Wes Anderson's Version Of 'The Shining' Somehow Manages To Be Creepier Than The Real Thing — VIDEO
Here’s that Wes Anderson version of The Shining we never knew we always wanted. In the intro for his mashup of two Wes Anderson and Stanley Kubrick classics, Steve Ramsden, a self-described “Papua New Guinean-born, English-sounding filmmaker,” explains that he was inspired to make the video when he “noticed how Wes Anderson and Stanley Kubrick frame their shots in a similar way.” Thus, "The Grand Overlook Hotel" was born, and the results are surprisingly cool.
The Shining (1980) and The Grand Budapest Hotel (2014) both take place in isolated, old hotels and both technically involve murders, but beyond that, most viewers would be hard pressed to see the connection between Kubrick’ tale of psychological horror and Anderson’s stylized, whimsical comedy. Ramsden ingeniously splices together the two films to create a cohesive preview for a movie that appears to be a quirky, bloody horror comedy. (Becket Mufson at The Creator’s Project also suggests that Ramsden has color corrected The Shining to match Grand Budapest’s aesthetics.) One reason that these two films work so well together may be that Kubrick and Anderson, though very different filmmakers, both use symmetry frequently in their visual styles. Kubrick often used “one-point perspective” in his films, meaning that many of his shots are framed so that all lines lead toward a single point, like this:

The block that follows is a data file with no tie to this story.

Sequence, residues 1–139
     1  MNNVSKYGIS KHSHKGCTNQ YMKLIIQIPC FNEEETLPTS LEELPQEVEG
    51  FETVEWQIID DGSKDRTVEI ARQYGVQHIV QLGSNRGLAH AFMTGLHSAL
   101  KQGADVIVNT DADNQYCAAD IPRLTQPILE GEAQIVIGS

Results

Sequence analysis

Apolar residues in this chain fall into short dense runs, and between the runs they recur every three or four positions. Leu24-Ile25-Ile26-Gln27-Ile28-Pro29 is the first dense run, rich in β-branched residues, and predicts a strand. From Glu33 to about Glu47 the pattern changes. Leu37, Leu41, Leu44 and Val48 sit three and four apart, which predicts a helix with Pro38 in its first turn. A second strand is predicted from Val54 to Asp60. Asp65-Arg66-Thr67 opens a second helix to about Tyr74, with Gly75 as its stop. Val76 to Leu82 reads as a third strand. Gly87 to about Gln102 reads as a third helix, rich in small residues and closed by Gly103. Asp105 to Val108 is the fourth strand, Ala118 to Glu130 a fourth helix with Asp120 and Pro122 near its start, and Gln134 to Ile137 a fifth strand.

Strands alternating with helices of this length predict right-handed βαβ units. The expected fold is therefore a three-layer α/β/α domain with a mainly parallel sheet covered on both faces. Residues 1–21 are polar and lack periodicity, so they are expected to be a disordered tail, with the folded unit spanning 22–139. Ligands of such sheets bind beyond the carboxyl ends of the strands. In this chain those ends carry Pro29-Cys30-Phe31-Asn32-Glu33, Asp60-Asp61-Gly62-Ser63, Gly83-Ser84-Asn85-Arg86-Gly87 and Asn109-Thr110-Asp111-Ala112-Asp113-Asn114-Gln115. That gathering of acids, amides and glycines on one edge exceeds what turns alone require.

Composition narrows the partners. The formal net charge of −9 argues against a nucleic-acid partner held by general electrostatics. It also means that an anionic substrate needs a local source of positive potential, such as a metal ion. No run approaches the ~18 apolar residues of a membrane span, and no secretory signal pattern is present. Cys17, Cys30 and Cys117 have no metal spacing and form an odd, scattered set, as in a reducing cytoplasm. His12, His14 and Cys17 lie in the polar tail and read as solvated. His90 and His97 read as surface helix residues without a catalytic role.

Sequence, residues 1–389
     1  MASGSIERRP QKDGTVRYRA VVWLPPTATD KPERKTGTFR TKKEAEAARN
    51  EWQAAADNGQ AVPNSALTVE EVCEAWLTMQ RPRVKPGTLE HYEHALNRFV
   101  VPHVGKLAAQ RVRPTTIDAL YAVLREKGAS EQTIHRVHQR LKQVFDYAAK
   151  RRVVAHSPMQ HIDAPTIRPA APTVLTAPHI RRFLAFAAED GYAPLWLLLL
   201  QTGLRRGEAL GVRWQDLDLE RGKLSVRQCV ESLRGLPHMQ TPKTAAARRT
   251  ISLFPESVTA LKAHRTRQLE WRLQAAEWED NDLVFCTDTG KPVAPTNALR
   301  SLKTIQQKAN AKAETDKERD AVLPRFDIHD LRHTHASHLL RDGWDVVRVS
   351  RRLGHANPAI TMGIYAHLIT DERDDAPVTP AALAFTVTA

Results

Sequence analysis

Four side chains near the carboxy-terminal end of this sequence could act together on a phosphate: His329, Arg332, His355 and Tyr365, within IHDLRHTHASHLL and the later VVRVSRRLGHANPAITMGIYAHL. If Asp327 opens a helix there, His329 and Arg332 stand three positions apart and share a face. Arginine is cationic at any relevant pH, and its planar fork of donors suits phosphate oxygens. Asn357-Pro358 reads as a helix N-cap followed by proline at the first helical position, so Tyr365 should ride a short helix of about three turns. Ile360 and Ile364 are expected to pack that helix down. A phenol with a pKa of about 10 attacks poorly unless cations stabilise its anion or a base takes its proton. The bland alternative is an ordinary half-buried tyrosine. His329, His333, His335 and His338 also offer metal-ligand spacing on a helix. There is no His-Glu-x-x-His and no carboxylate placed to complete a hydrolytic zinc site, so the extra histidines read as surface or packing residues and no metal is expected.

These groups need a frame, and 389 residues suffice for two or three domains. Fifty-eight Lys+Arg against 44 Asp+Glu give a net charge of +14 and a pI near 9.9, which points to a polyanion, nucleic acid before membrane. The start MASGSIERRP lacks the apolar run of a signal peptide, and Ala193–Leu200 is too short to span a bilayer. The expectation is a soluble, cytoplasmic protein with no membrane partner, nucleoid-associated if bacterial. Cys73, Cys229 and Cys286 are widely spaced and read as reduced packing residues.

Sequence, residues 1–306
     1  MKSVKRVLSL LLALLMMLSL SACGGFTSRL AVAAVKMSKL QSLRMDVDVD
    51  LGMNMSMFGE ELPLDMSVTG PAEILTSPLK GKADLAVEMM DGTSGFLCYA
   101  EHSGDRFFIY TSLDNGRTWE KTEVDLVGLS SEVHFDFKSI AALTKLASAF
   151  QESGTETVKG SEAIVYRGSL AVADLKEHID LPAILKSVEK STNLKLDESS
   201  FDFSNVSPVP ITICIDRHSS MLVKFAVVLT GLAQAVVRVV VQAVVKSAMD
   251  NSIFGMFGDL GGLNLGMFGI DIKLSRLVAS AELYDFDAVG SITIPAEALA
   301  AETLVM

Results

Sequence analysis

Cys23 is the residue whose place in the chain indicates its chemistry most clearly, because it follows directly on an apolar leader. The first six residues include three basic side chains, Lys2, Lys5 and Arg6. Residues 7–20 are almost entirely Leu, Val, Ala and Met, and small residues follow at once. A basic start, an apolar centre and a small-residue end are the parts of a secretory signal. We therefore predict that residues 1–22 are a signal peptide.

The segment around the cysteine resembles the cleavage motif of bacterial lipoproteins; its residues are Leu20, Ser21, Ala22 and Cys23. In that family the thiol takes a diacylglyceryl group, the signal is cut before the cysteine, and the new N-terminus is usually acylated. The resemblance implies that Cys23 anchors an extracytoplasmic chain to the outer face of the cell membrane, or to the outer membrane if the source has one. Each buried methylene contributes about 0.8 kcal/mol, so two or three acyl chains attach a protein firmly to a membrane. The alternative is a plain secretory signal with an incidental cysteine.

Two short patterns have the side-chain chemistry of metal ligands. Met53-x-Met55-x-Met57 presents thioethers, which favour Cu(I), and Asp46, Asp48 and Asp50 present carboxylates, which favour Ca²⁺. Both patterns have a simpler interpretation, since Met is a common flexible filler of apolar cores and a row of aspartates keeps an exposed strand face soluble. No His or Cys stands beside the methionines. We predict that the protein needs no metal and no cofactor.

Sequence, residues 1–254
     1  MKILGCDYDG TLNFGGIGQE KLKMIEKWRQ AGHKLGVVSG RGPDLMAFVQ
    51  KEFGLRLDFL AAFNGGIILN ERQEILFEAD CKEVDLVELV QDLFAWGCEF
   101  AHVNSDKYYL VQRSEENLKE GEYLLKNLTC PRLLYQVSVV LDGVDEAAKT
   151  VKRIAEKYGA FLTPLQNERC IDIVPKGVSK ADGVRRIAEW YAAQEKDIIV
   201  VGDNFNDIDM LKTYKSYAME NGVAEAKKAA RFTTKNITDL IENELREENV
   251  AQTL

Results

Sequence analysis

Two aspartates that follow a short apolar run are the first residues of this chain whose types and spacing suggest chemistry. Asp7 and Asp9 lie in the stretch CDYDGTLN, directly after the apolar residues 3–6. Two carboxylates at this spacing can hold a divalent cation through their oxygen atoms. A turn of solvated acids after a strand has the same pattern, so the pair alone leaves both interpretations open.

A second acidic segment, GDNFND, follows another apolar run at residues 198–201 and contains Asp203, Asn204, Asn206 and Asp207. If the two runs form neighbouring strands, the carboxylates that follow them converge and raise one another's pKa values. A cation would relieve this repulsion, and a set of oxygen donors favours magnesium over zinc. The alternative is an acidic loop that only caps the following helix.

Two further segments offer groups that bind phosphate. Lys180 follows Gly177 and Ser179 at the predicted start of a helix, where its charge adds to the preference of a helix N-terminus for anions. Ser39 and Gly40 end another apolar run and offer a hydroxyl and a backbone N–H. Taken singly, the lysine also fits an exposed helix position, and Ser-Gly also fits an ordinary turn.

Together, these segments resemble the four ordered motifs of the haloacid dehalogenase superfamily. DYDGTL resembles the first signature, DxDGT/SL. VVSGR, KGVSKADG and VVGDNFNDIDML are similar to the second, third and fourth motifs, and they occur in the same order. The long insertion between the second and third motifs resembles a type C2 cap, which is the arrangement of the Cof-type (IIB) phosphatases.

Wes Anderson is similarly famous for the precise symmetry of his shots, framed around a center line, like this:
Visually, the resonances that Ramsden catches between the films is pretty fascinating, but here’s the real question: Does Jack Nicholson become more or less terrifying when placed within Anderson’s retro-kitsch universe?
I’m going with more.
Images: Warner Bros; Fox Searchlight Pictures(2)